On forgiving McVeigh
I'm the third of eight children and grew up on a dairy farm, and I've run a service station in Oklahoma City for the last 34 years. Until April 19, 1995 - the day my daughter Julie and 167 others were killed in the bomb blast that destroyed the Alfred P. Murrah Building - my life was very simple. I had a little girl and loved her a lot.Skip to next paragraph
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Julie had a rough start; she was born premature, but she survived and grew healthy and strong. She had just graduated from Marquette University with a degree in Spanish and started a job as a translator for the Social Security Administration. At the time of her death, she was dating an Air Force lieutenant named Eric. The day after Julie was killed, I found out that they had decided to announce their engagement in two weeks.
All my life I have opposed the death penalty. Friends used to tell me that if anyone ever killed one of my family members, I would change. "What if Julie got raped and murdered?" But I always said I'd stick to my guns. Until April 19.
The first four or five weeks after the bombing I had so much anger, pain, hatred, and revenge that I realized why, when someone is charged with a violent crime, they transport him in a bullet-proof vest. It's because people like me would try to kill him.
By the end of 1995 I was in such bad shape, I was drinking heavily and smoking three packs of cigarettes a day. I was stuck on April 19. But I knew I had to do something about it.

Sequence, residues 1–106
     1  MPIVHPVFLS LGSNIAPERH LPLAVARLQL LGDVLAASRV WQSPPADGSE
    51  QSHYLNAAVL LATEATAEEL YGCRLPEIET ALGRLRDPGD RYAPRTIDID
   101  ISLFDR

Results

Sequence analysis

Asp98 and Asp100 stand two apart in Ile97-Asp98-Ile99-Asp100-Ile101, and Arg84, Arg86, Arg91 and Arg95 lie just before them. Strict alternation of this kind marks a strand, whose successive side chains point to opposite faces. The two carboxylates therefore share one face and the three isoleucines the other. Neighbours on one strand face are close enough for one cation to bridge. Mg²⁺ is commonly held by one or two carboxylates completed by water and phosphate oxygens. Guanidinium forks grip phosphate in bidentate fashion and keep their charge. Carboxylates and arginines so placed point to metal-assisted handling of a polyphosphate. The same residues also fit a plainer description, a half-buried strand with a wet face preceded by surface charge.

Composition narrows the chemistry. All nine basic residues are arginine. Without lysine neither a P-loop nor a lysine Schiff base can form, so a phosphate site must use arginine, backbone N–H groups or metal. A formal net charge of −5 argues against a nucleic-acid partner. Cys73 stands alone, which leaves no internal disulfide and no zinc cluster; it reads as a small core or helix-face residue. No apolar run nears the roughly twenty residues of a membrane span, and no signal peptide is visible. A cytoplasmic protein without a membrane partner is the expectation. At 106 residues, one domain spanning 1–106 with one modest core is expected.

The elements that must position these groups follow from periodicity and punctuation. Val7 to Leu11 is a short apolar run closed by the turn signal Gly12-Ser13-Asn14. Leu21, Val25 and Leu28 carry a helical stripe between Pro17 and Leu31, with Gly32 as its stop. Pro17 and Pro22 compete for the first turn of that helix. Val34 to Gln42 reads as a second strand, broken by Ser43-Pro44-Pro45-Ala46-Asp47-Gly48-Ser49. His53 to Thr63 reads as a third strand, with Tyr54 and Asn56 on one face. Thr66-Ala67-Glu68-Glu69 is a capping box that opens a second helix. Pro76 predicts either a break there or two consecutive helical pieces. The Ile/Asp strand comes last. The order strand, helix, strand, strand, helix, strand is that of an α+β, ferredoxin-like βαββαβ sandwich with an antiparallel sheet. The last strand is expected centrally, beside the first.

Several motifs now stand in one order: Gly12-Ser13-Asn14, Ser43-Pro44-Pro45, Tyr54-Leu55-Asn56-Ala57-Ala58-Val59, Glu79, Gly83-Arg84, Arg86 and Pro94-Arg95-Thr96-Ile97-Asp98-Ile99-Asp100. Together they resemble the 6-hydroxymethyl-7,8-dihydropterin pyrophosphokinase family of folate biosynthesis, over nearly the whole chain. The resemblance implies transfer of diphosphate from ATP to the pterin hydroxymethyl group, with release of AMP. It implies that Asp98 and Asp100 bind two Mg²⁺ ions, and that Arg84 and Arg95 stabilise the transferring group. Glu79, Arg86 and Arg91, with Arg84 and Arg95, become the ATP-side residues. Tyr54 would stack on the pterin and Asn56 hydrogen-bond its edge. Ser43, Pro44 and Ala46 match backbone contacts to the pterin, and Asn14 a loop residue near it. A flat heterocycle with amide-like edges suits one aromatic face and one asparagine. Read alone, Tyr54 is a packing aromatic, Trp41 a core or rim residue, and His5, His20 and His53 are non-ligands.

That's when I went down to the bombing site.
It was a cold January afternoon, and I stood there watching hundreds of people walking along the chain link fence that surrounded the lot where the Murrah Building had stood. I was thinking about the death penalty, and how I wanted nothing more than to see Timothy McVeigh (and anyone else responsible for the bombing) fried. But I was also beginning to wonder whether I would really feel any better once they were executed. Every time I asked myself that question, I got the same answer: No. Nothing positive would come from it. It wouldn't bring Julie back. After all, it was hatred and revenge that made me want to see them dead, and those two things were the very reason that Julie and 167 others were dead.
Once I arrived at this realization, I returned to my original belief that executing criminals is wrong. Since then I have become a leading opponent of the death penalty, constantly flying from one city to the next, telling people about my daughter and why the death penalty is wrong. The speaking and traveling keep me busy, but they don't bring me much peace. Nothing like going to visit Timothy McVeigh's father.
Bill McVeigh is as much a victim as I am, if not more. I can't imagine the pain he and his family have been through. I've lost a daughter, and he's going to lose a son. I have a son myself, and if he was convicted of killing 168 people, I don't know how I'd deal with that. Bill has to live with that for the rest of his life.
I first saw Bill McVeigh on television a few weeks after the bombing. He was working in his flower bed, and he looked up at the camera for a couple seconds. When he did, I saw a father with deep, deep pain in his eyes. I could recognize it, because I was living that pain. I knew right then that someday I had to go tell him that I truly cared how he felt.